Inflammatory bowel disease (IBD) represents a group of intestinal disorders that cause prolonged inflammation of the digestive tract.The digestive tract comprises the mouth, esophagus, stomach, small intestine, and large intestine. It’s responsible for breaking down food, extracting the nutrients, and removing any unusable material and waste products. Inflammation anywhere along the digestive tract disrupts this normal process. IBD can be very painful and disruptive, and in some cases, it may even be life-threatening.
As with other chronic diseases, a person with IBD will generally go through periods in which the disease flares up and causes symptoms, followed by periods in which symptoms decrease or disappear and good health returns. Symptoms range from mild to severe and generally depend upon what part of the intestinal tract is involved. They include:
There is no exact cause of IBD. IBD is called an idiopathic disease (disease with an unknown cause). Possible causes may be:
Possible complications of IBD include:
In rare cases, a severe bout of IBD can make you go into shock. This can be life-threatening. Shock is usually caused by blood loss during a long, sudden episode of bloody diarrhea.
The tests depend on the symptoms of IBD that include –
There are a number of different treatments for IBD.
Anti-inflammatory drugs are the first step in IBD treatment. These drugs decrease inflammation of the digestive tract. However, they have many side effects. Anti-inflammatory drugs used for IBD include sulfasalazine and its byproducts as well as corticosteroids.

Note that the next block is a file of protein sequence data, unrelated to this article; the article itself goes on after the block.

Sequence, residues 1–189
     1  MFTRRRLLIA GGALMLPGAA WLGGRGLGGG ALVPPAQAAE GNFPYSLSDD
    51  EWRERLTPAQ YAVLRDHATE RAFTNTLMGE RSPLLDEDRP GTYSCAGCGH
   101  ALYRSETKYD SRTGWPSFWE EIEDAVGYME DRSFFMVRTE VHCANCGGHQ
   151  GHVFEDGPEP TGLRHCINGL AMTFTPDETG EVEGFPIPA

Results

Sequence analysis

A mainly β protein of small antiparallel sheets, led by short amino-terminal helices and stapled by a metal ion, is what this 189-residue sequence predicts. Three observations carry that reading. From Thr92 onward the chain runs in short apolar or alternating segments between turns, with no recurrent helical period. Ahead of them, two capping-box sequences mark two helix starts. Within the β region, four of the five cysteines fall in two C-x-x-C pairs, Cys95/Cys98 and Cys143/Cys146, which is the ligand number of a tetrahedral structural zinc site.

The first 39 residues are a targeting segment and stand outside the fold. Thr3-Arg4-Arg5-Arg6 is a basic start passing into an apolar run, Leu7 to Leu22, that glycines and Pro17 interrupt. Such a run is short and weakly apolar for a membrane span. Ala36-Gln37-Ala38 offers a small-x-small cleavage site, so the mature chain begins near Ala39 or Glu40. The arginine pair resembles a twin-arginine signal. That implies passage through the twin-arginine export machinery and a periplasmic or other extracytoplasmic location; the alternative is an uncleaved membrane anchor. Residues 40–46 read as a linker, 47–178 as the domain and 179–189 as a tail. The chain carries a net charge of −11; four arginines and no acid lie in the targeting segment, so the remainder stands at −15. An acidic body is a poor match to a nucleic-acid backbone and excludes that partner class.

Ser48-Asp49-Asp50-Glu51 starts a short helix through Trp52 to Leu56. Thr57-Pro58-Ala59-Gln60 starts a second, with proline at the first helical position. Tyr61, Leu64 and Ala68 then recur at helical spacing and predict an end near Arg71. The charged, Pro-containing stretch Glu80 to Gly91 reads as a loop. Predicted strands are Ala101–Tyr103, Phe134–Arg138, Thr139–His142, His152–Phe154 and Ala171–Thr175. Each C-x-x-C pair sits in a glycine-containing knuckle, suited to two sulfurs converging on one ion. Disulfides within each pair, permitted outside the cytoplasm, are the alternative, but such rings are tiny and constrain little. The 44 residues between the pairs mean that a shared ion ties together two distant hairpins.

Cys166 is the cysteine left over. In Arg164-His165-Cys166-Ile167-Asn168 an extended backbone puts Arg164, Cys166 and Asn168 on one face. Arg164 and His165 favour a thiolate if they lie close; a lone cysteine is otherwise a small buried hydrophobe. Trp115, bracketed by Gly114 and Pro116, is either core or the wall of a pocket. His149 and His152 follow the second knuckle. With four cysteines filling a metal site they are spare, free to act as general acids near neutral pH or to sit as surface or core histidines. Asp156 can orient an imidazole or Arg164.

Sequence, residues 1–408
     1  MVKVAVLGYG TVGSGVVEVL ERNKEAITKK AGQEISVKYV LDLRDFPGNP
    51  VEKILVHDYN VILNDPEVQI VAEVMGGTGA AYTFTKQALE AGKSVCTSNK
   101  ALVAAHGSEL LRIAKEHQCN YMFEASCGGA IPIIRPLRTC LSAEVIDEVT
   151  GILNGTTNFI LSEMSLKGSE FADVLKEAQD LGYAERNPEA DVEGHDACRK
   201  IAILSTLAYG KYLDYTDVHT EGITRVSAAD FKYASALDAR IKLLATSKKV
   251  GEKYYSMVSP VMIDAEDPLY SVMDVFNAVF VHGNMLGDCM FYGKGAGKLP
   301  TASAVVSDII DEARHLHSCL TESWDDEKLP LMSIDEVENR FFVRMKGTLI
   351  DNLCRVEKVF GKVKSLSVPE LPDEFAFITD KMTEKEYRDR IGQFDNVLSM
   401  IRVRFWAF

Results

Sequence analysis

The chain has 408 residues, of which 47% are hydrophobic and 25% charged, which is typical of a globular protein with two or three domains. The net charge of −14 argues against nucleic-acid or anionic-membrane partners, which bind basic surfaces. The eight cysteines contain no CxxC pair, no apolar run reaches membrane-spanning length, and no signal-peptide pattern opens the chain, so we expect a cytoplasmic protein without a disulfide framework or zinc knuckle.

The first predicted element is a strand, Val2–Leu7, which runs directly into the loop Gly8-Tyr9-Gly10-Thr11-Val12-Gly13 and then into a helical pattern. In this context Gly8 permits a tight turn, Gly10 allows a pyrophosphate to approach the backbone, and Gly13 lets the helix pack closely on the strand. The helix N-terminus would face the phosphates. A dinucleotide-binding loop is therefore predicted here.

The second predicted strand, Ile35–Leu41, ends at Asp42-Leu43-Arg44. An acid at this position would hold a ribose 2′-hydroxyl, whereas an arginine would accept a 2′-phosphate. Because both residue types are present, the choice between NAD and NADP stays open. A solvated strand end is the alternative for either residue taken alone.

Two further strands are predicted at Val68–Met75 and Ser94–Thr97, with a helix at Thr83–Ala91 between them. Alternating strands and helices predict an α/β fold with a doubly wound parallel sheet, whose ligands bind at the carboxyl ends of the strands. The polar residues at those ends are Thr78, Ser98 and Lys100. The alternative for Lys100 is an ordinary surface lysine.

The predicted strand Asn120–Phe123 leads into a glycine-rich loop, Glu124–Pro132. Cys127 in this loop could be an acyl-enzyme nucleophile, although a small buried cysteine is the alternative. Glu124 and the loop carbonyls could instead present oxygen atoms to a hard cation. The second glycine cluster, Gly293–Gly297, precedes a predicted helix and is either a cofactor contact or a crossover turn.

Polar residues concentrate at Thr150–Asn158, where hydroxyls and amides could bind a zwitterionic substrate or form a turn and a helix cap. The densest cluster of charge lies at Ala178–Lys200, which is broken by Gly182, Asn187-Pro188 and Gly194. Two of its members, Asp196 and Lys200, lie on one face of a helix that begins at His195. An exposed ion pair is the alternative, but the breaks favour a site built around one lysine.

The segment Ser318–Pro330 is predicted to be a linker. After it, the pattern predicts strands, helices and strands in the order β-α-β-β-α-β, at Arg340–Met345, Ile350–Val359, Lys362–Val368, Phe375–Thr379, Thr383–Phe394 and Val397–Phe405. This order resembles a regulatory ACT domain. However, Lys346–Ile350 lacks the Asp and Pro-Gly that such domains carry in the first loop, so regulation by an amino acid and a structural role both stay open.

Immune suppressants (or immunomodulators) prevent the immune system from attacking the bowel and causing inflammation. This group includes drugs that block TNF. TNF is a chemical produced by the immune system that causes inflammation. Excess TNF in the blood is normally blocked, but in people with IBD, higher levels of TNF can lead to more inflammation. Immune suppressants can have many side effects, including rashes and infections.
Antibiotics are used to kill bacteria that may trigger or aggravate IBD symptoms. Antidiarrheal drugs and laxatives can also be used to treat IBD symptoms.
Lifestyle choices are important when you have IBD. Drinking plenty of fluids helps to compensate for those lost in your stool. Avoiding dairy products and stressful situations also improves symptoms. Exercising and quitting smoking can further improve your health.
Vitamin and mineral supplements can help with nutritional deficiencies. For example, iron supplements can treat anemia.
Surgery can sometimes be necessary for people with IBD. Some IBD surgeries include: